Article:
Before making any career choice it is important to understand yourself. Over and above knowing your interests one needs to assess whether their aptitude and personality are suited for their career choice. A child may be interested in becoming an engineer, but if they’re not technically sound cognitively their chances of succeeding in such a career may be challenging. Assessing one’s mental ability can be done through psychometric assessments. Psychometric assessments are standardised tests that measure characteristics that are relevant to occupational success. These include both ability factors and aspects of personality that help the candidate perform work-related tasks. The tests measure persistent and underlying characteristics; this means that they do not only explain current modes of behaviour but may also highlight unrealised potential. Psychometric tests are scientifically based, objective and valid and are therefore able to predict success in a particular job. Psychometric assessments are administered only by a registered psychologist. According to Schmidt (2016) General Mental Ability is the highest predictor of job performance (65%).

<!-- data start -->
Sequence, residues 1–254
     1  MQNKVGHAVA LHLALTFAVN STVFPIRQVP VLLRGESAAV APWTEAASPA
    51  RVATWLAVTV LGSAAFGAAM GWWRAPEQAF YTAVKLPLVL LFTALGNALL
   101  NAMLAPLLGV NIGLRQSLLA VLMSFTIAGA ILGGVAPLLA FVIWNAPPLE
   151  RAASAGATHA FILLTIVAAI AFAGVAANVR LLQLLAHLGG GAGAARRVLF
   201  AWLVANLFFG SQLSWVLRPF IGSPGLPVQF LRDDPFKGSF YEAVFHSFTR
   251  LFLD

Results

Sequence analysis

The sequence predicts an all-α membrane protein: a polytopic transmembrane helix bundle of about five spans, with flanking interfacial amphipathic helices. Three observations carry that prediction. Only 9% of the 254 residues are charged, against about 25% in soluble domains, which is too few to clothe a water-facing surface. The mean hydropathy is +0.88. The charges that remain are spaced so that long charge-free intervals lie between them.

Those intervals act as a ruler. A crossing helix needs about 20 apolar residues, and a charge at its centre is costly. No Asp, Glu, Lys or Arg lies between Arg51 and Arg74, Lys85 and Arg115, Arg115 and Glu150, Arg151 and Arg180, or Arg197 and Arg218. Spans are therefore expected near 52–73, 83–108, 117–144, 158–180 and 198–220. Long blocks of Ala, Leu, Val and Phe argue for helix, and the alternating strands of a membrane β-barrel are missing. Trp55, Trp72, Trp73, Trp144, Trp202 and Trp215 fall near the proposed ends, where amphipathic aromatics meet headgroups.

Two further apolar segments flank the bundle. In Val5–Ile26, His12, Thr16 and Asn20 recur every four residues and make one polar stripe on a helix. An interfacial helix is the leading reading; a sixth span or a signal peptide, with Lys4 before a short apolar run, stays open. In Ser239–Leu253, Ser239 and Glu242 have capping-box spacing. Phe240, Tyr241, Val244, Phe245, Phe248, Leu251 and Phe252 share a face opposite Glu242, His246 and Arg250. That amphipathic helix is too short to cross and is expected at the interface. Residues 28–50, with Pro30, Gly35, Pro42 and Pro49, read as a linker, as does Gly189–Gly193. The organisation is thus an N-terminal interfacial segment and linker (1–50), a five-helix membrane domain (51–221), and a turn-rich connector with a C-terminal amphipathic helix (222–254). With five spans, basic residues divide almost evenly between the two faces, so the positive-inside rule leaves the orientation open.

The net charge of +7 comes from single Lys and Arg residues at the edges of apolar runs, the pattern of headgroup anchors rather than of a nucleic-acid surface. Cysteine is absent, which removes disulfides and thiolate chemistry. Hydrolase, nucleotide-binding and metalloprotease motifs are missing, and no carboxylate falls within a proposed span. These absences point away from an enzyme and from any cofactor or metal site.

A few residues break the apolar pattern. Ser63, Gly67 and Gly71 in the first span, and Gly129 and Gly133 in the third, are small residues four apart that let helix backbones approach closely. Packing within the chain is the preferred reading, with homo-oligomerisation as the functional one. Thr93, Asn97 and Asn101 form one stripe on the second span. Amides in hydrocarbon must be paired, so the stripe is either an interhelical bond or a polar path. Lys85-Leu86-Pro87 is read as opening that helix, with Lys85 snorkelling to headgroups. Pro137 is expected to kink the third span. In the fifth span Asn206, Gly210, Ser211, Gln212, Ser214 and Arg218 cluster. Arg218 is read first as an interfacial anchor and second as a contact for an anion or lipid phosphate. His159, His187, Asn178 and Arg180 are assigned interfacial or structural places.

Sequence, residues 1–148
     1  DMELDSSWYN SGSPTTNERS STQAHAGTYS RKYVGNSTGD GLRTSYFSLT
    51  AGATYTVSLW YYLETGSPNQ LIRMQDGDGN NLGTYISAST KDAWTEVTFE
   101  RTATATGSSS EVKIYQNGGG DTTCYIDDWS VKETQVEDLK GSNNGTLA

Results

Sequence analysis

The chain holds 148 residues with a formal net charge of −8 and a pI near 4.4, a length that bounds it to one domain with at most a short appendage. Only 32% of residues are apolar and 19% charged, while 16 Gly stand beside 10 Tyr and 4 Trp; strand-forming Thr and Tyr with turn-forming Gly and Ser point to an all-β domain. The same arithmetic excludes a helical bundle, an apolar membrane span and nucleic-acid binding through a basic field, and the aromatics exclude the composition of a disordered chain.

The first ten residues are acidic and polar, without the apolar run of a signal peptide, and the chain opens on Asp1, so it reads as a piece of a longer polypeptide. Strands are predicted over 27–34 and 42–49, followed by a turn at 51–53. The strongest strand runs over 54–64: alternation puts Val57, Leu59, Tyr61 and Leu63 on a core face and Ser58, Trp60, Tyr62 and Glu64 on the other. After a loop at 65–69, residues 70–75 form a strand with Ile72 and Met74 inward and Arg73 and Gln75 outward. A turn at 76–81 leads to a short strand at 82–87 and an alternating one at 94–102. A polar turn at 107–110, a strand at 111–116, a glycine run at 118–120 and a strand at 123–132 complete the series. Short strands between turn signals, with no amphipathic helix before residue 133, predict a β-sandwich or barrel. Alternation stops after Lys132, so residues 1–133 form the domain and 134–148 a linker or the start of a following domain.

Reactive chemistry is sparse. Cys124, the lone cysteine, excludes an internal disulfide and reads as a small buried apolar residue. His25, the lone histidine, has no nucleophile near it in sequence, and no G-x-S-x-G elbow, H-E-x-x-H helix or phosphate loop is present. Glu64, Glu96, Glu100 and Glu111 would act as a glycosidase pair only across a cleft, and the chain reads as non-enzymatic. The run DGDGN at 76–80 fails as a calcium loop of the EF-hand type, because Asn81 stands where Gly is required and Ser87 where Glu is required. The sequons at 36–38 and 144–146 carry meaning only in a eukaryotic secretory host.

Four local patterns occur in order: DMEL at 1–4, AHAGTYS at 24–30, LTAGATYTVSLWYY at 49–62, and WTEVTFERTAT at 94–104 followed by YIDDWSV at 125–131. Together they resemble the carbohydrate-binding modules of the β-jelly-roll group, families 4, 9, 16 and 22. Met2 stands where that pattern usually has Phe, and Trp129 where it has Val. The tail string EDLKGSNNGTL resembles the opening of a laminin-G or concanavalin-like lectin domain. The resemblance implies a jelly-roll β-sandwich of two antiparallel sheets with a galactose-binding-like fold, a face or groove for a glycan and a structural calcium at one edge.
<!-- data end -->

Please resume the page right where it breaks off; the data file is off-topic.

One might be wondering if academic performance is linked to cognitive ability. You find a student might have all A’s at Ordinary level and go on top pursue certain subjects at Advanced Level only to fail. Why? Academic performance comes as a result of learning, memorizing and then passing off that learnt knowledge whilst cognitive ability looks at one’s innate knowledge (natural ability). So basing one’s career choice based on academic performance may not be effective.
The role of parents in career guidance